What’s important to note is that immigrants have an unmistakably positive impact on the American economy. They have an unmatched propensity for entrepreneurship, helping create thousands of jobs for U.S. workers. They also fill jobs that U.S. employers oftentimes struggle to fill, especially in seasonal industries, which in turn helps those businesses grow and create yet more jobs for American workers. And they broaden our tax base, helping our country pay for education and infrastructure and research, which further bolsters the American economy.

In short, “immigrants significantly benefit the U.S. economy by creating new jobs and complementing the skills of the U.S. native workforce, with a net positive impact on wage rates overall,” Randy Johnson, senior vice president for Labor, Immigration and Employee Benefits at the U.S. Chamber of Commerce, wrote in a report earlier this year debunking prevalent myths about immigration and the economy.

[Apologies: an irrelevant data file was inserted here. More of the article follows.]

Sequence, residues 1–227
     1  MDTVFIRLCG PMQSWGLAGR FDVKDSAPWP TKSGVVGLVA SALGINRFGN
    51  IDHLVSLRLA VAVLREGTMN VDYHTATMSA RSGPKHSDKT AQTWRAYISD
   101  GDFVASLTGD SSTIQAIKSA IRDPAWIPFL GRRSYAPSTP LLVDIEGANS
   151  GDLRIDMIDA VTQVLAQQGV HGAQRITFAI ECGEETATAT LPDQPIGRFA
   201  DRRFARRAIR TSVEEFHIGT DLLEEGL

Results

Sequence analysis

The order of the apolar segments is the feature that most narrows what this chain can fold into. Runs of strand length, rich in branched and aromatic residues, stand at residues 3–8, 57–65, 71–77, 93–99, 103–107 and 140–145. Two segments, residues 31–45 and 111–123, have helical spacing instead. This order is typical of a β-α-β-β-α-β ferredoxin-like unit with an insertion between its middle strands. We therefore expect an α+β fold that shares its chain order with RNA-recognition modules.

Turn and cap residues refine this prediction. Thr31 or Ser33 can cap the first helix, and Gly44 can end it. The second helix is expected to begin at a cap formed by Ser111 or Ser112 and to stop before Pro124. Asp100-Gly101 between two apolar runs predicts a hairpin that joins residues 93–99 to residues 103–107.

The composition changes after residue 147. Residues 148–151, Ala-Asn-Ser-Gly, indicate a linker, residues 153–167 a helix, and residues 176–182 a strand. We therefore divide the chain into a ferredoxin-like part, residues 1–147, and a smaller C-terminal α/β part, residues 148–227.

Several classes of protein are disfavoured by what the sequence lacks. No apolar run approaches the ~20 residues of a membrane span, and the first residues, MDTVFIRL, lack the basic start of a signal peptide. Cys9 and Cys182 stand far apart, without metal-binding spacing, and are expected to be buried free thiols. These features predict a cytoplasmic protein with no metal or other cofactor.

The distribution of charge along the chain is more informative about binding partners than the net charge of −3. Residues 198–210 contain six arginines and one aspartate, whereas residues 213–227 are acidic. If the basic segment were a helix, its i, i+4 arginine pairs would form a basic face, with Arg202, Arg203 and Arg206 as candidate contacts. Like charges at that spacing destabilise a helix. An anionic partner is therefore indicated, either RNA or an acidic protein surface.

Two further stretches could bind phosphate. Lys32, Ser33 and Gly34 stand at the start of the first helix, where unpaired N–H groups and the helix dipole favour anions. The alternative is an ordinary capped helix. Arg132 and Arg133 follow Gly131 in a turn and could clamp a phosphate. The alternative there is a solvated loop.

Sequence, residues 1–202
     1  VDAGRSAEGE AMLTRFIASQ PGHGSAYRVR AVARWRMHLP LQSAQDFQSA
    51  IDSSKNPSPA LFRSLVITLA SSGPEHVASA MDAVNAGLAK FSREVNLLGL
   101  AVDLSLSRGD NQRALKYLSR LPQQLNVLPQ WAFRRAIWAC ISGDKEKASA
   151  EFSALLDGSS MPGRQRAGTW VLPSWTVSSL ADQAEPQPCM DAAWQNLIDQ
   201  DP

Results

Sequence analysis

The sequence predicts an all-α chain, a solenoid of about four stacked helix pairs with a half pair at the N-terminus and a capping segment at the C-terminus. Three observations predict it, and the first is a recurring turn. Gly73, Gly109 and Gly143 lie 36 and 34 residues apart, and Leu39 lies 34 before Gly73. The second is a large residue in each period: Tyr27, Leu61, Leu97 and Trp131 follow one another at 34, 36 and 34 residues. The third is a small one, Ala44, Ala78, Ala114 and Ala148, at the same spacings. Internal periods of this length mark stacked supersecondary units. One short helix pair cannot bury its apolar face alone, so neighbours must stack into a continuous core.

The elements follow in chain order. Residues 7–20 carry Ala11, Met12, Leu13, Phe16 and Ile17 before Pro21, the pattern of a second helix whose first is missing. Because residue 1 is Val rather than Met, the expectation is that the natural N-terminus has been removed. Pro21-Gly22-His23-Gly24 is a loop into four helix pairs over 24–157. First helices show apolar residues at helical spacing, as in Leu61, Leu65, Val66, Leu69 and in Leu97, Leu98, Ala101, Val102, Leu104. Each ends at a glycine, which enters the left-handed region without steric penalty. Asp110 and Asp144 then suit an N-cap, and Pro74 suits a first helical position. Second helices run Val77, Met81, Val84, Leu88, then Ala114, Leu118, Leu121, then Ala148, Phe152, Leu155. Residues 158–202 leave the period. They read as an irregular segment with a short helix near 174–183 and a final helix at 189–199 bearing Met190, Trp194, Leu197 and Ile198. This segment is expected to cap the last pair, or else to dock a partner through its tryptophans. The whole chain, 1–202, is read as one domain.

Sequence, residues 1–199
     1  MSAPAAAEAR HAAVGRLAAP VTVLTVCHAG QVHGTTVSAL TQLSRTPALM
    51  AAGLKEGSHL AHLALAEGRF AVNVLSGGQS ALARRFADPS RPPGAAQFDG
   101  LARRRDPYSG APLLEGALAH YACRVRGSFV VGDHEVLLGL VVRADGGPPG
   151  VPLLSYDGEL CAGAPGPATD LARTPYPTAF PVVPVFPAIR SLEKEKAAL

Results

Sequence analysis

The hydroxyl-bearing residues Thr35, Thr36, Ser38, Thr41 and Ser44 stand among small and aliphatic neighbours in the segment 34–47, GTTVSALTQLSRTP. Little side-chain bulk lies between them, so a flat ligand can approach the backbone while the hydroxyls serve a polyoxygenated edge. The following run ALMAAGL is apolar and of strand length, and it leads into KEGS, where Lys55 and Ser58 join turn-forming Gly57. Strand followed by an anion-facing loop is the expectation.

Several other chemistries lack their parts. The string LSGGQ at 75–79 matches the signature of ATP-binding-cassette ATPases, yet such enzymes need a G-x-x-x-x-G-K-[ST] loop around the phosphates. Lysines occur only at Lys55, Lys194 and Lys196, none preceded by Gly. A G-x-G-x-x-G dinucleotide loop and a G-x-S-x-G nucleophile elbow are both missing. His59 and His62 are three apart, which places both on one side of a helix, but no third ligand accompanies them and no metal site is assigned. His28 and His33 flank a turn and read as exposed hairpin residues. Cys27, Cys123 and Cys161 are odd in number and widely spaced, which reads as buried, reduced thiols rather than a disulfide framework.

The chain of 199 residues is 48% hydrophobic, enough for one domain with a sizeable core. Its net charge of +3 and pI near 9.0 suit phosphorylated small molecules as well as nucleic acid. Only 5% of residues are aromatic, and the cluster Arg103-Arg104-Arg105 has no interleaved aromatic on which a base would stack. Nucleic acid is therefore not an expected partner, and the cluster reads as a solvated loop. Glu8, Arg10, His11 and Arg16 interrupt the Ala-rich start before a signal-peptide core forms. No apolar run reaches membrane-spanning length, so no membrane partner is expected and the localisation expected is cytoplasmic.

Related: Learn more about immigration reform through the #ReasonForReform campaign

Problem is, America’s outdated and inefficient immigration system has created too many barriers for individuals seeking the opportunity to work hard and contribute to our economy. If they can't put their dreams to work here—creating growth, driving productivity, and spurring innovation—they will do so in the economies of our competitors, and our country risks losing its position atop the global economy.

How do we fix the system? For starters, we must avoid the temptation to keep patching up our immigration problems with short-term and short-sighted fixes. Our next president must understand that the only truly effective, long-term solution is passing meaningful legislative reforms, not attempting to mend the process through more executive actions.